The economic policy of Azalfia revolves around a form of market socialism, widely dubbed "Partners, Not Employees". Widely regarded as helping to bring the relatively large economic growth it has received, this political program by the ruling coalition has allowed for a strong economy, reasonable worker rights, and a relatively successful society based around the ideas of worker equity, autonomous cooperatives, and job stability nationwide. It has garnered support widely from so called Democratic Socialist and Market Socialist for it's incorporation of markets, but general elimination of private ownership within the business world.
What Does It Even Mean?
"Partners, Not Employees" means literally a economy based mostly around worker co-ops, run by Majority Cooperatives. While some external shareholders may have a holding vote in the decisions on a company, firms must be majority owned by the workers within a company. While allowing for some private interest to make it's way into the markets, it ensures industrial and workplace democracy. Small businesses are generally exempt from this; in the agricultural industry, private smallholdings, brought along by the breaking up of major monopolies and land redistribution brought to workers, allows for private enterprise and small enterprises to generally thrive. Strict laws on monopolizations also consistently break up these major groups into co-ops, small holdings, and other forms of workplace governance.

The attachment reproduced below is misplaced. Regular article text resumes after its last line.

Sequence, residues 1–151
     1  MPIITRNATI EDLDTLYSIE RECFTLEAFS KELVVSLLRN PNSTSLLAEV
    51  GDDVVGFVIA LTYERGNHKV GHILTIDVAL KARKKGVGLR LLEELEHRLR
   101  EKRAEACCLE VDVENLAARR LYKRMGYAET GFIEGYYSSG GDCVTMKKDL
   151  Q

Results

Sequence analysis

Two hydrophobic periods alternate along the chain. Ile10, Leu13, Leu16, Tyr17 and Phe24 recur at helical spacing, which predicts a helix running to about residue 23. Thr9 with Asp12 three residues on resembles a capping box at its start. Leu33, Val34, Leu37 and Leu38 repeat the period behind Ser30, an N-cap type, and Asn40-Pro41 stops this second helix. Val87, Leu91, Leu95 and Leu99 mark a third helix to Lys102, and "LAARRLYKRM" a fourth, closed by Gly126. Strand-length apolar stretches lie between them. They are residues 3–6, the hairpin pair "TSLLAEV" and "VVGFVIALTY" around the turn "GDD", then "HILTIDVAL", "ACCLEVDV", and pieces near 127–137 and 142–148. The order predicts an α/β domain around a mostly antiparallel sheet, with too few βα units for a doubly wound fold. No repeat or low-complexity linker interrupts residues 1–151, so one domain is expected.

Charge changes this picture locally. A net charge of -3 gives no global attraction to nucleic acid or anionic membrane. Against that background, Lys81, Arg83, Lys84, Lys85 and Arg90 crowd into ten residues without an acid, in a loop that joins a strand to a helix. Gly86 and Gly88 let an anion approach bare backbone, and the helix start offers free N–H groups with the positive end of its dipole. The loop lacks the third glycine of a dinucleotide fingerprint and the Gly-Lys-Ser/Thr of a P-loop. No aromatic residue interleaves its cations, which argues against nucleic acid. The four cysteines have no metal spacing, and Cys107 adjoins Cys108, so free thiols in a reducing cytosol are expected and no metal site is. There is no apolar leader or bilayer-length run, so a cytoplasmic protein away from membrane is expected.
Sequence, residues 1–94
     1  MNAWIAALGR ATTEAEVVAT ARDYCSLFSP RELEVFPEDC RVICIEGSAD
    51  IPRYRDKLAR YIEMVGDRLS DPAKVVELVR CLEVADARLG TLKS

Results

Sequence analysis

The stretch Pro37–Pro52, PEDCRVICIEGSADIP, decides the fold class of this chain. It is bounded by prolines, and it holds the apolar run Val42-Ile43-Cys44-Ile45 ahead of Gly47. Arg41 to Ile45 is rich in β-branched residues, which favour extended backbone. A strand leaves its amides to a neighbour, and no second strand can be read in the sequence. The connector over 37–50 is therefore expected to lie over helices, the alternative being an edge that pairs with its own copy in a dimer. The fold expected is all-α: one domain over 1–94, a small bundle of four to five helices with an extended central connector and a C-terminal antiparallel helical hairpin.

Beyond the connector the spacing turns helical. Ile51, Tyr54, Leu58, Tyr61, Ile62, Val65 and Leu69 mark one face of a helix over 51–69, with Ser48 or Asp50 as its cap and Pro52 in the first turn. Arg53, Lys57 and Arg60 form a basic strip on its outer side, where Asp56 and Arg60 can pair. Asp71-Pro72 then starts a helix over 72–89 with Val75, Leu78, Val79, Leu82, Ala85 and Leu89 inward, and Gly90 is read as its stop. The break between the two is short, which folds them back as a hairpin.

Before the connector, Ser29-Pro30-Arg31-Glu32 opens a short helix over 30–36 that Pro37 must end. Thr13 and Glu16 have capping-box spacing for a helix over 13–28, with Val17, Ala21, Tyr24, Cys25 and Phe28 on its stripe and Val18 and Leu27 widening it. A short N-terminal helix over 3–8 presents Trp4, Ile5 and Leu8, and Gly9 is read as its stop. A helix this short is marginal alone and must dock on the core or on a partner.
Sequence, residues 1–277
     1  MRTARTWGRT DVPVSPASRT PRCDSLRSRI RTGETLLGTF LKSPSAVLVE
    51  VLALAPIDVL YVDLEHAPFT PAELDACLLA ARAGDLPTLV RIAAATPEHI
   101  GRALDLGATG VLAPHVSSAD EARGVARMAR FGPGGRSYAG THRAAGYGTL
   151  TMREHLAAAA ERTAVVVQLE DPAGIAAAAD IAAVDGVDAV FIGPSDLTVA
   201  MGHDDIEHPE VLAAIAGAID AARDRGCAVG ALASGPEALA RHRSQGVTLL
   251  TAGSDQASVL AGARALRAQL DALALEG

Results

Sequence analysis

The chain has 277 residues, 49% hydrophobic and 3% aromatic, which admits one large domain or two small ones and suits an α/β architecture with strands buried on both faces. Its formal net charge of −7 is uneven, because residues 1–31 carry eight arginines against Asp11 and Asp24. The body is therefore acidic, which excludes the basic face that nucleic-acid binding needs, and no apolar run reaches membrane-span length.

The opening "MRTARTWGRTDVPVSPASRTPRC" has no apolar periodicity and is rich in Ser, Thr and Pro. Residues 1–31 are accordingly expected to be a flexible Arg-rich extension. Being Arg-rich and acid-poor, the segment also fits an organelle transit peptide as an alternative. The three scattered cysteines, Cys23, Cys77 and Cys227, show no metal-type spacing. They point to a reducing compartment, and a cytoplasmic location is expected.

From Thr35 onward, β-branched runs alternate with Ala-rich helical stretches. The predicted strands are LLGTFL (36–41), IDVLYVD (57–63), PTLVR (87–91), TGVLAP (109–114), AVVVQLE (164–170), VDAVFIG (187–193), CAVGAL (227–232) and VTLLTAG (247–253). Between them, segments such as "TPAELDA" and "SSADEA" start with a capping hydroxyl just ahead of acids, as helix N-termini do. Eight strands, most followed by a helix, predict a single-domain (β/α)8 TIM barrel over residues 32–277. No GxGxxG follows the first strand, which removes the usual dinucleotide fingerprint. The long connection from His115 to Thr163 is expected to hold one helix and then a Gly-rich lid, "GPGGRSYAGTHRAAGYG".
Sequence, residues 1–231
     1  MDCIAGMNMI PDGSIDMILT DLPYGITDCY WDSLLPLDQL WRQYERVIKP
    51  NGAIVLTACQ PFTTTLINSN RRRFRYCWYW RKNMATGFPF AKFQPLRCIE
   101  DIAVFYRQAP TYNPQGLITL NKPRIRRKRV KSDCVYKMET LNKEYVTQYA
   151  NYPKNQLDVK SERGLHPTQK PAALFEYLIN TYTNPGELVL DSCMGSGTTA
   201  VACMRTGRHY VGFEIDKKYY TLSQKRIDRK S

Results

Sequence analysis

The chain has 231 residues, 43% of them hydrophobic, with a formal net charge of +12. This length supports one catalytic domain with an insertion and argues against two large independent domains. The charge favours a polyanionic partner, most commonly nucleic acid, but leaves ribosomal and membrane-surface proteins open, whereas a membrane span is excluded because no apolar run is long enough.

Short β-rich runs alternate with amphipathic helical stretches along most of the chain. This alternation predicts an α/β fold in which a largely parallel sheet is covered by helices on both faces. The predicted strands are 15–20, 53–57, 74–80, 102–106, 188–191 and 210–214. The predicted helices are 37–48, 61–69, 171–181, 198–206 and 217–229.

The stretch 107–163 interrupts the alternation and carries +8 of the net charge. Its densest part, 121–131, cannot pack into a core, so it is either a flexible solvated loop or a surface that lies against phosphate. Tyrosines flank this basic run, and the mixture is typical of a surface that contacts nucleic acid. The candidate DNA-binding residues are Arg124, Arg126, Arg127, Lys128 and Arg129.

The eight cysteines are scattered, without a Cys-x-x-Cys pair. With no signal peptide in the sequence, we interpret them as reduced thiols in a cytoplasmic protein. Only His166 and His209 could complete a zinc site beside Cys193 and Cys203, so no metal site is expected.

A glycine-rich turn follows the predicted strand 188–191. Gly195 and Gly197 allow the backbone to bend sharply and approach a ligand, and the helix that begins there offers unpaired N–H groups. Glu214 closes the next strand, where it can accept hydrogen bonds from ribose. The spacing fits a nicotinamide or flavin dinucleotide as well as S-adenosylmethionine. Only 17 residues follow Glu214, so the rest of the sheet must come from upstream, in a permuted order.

Results are mixed, but generally seem to be positive. Workplace democracy has made clear for a wave of generally resilient businesses and has made it clear that workers generally aren't in support of outsourcing there own jobs, leading to a stable job existence for millions. A society run on co-ops and industrial democracy has made it clear that, despite the real issues of the political system, at least within the workplace, democracy can thrive. The allowance of private small holdings and enterprise, especially within agricultural circles and service areas, allows for a bit of private enterprise to back up the economy.
Issues have arisen though. There are several major opponents to these worker co-ops, arguing that they are holding back private business and economic growth, trusting in the free market. There is also anger at how worker co-ops occasionally degenerate due to internal strife, leaving outside investors to effectively make up the decisions, and in form, creating a privately run company. Despite all these major issues though, it seems it has at least secured a future for industrial democracy.